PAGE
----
It’s not a romantic story, but it is a love story.  It’s the story of someone who loved Jesus almost as much as Jesus loves us.  Mary went back to the disciples and said, “I have seen the Lord!” and in that moment became the first Easter preacher ever, the first person to share the astonishing good news that Christ had risen from the dead.  For Mary and those disciples things would never be the same.  If resurrection was real, then death was no longer an enemy.  If resurrection was real then life had won the day.  If resurrection was real then anything was possible. 

It was true for them; it’s true for us.

At 3:40 this morning I woke up from a dream that was so vivid I thought it had really happened.  I lay there for a while just going over the details, impressing them on my memory, because I didn’t want to forget.  Many of you know that my father died back in January.  In this dream I was with my backpacking partners in the woods, breaking camp.  I remember that I was winding up a piece of nylon cord so I could put it in the side pocket of my pack, where it belongs.  I heard someone singing and looked over to see my dad, pulling up tent pegs. He looked young and strong.  He had a full head of thick, dark hair.  He was singing an old hymn as he often did when he was outdoors.  I nudged Chuck, my brother-in-law, and said, “Look at that.” He did, and gulped.  He knew how sick my father had been.  He knew that he hadn’t sung for a long time.  “We need to pause and acknowledge the miracle of this moment,” I said. 

“My dad is singing.” 

And that’s what Easter is for: it’s a time to pause and acknowledge the miracle of this moment.  Christ is risen.  Christ is risen indeed.  And because he is death is no longer an enemy; life has won the day; anything is possible;

And nothing will ever be the same.


[i] Luke 7:40-47, the Message

[ii] It’s possible that I owe this mental image to C. S. Lewis’ description of Aslan’s resurrection in the Lion the Witch, and the Wardrobe.  “The rising of the sun had made everything look so different—all the colours and shadows were changed—that for a moment they didn’t see the important thing.  Then they did.  The Stone Table was broken into two pieces by a great crack that ran down it from end to end; and there was no Aslan.  “Oh, oh, oh!” cried the two girls rushing back to the Table.  “Oh, it’s too bad,” sobbed Lucy; “they might have left the body alone.”  “Who’s done it?” cried Susan.  “What does it mean?  Is it more magic?”  “Yes!” said a great voice behind their backs.  “It is more magic.”  They looked round.  There, shining in the sunrise, larger than they had seen him before, shaking his mane stood Aslan himself.  “Oh, Aslan!” cried both the children, staring up at him, almost as much frightened as they were glad.  “Aren’t you dead then, dear Aslan?” said Lucy.  “Not now,” said Aslan.  “You’re not—not a—?” asked Susan in a shaky voice.  She couldn’t bring herself to say the word ghost.  Aslan stooped his golden head and licked her forehead.  The warmth of his breath and a rich sort of smell that seemed to hang about his hair came all over her.  “Do I look it?” he said.  “Oh, you’re real, you’re real!  Oh, Aslan!” cried Lucy, and both girls flung themselves upon him and covered him with kisses.  “Oh, children,’ said the Lion, ‘I feel my strength coming back to me. Oh, children, catch me if you can!’ He stood for a second, his eyes very bright, his limbs quivering, lashing himself with his tail. Then he made a leap high over their heads and landed on the other side of the Table. Laughing, though she didn’t know why, Lucy scrambled over it to reach him. Aslan leaped again. A mad chase began. Round and round the hilltop he led them, now hopelessly out of their reach, now letting them almost catch his tail, now diving between them, now tossing them in the air with his huge and beautifully velveted paws and catching them again, and now stopping unexpectedly so that all three of them rolled over together in a happy laughing heap of fur and arms and legs. It was such a romp as no one has ever had except in Narnia and whether it was more like playing with a thunderstorm or playing with a kitten Lucy could never make up her mind…“And now,” said Aslan presently, “to business.  I feel I am going to roar” (pp. 131-133).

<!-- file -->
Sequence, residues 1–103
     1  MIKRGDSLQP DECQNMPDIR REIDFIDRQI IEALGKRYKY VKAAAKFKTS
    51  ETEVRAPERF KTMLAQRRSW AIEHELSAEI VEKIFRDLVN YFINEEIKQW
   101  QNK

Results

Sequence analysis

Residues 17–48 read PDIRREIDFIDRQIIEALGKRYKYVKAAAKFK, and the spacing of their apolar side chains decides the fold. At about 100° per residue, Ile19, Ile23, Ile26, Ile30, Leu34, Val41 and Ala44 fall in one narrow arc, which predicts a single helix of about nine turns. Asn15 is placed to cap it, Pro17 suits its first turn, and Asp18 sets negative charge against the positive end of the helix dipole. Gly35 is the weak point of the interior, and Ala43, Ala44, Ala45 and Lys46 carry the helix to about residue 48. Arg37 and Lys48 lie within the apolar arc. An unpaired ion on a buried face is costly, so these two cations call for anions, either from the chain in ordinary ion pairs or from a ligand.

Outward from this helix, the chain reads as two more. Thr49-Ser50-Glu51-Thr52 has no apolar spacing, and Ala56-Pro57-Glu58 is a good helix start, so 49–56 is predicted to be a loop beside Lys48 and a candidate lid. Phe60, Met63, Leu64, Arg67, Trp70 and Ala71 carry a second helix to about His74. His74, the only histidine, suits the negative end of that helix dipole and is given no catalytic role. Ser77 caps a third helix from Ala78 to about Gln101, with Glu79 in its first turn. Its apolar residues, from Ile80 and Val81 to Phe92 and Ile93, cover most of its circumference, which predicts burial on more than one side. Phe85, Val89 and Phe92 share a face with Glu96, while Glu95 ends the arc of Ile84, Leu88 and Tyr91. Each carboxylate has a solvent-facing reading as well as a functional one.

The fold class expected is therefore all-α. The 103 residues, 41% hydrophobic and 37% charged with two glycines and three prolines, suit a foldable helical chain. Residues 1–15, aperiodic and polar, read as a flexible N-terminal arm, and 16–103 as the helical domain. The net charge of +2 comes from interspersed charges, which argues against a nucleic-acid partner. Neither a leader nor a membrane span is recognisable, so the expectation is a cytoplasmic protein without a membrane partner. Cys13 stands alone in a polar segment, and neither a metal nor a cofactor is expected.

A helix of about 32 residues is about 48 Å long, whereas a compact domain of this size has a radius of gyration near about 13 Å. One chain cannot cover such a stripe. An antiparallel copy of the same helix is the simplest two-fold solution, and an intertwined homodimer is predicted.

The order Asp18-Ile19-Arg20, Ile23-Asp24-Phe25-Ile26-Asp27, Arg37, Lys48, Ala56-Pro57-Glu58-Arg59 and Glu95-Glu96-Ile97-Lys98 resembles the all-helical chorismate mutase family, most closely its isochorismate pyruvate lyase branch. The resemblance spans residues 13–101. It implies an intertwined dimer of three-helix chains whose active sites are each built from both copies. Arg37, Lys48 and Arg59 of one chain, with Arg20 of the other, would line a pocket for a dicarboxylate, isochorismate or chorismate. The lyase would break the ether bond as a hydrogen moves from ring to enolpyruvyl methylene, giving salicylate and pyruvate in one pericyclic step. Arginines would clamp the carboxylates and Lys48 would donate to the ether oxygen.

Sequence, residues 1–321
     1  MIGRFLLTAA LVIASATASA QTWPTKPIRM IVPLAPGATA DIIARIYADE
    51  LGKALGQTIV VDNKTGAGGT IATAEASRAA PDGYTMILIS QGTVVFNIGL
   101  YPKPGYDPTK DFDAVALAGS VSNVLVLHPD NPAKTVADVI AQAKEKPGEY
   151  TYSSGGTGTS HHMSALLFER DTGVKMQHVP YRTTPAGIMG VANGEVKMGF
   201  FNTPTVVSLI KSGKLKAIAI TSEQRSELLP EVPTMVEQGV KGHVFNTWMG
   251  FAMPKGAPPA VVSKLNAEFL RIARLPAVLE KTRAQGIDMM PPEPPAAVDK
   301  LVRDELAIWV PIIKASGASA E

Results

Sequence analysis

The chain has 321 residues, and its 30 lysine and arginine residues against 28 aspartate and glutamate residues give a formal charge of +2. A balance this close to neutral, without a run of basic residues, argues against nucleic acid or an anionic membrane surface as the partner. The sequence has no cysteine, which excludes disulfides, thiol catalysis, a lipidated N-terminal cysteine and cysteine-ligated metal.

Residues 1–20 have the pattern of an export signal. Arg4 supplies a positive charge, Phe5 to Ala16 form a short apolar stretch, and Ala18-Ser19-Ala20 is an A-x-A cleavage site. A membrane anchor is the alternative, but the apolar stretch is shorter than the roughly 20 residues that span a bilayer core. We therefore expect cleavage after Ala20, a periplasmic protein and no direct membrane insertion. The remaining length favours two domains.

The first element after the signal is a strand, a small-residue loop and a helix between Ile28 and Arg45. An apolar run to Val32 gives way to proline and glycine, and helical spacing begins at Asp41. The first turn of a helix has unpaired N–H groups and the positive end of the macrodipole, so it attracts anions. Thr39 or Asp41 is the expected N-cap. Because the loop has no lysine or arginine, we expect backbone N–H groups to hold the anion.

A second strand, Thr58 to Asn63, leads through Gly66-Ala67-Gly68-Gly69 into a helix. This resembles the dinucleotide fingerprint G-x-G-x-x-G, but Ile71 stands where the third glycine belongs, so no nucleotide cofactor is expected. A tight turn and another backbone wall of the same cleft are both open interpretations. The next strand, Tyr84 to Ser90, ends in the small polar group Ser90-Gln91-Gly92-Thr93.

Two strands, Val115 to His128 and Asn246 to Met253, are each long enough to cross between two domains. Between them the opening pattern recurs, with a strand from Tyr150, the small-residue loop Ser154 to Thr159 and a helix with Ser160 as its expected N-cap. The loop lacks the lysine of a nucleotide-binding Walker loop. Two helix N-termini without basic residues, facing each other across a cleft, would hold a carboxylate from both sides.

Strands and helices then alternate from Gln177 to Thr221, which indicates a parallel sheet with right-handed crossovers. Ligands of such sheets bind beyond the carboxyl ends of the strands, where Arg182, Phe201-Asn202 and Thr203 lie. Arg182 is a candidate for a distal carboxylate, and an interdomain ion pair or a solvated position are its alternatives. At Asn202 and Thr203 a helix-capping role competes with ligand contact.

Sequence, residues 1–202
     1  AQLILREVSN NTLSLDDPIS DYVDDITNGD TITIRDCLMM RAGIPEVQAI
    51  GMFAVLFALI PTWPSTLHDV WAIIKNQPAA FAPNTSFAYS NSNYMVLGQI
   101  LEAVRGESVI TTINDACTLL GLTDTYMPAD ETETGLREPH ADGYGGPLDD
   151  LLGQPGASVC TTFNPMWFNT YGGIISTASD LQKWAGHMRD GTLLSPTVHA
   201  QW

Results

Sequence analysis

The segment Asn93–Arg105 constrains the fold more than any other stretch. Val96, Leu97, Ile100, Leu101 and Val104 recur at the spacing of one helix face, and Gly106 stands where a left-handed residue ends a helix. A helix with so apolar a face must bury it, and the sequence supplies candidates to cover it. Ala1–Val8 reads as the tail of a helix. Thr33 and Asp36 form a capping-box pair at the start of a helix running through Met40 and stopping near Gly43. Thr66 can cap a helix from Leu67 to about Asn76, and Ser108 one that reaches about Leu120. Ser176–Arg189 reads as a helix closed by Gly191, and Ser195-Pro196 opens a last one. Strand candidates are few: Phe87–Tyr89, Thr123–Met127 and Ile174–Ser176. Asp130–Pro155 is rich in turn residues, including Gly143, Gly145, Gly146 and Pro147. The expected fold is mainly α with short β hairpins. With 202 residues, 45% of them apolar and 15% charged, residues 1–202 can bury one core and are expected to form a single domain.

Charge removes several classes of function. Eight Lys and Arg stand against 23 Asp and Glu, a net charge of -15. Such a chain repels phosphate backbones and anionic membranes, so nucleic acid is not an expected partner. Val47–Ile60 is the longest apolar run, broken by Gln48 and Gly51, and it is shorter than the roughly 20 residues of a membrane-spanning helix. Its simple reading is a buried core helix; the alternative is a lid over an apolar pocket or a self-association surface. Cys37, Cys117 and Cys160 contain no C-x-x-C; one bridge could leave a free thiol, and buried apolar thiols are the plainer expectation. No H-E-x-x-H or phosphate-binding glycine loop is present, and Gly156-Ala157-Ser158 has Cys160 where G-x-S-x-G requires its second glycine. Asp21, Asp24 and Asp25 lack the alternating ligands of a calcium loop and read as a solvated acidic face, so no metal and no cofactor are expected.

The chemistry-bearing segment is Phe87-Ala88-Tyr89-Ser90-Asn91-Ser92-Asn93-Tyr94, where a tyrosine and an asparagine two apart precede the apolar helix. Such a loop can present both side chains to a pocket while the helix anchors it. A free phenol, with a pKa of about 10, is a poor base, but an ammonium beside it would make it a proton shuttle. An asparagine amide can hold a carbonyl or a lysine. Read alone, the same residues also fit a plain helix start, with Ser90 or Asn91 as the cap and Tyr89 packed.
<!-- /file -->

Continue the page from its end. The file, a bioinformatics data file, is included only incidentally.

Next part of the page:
Jim Somerville 2014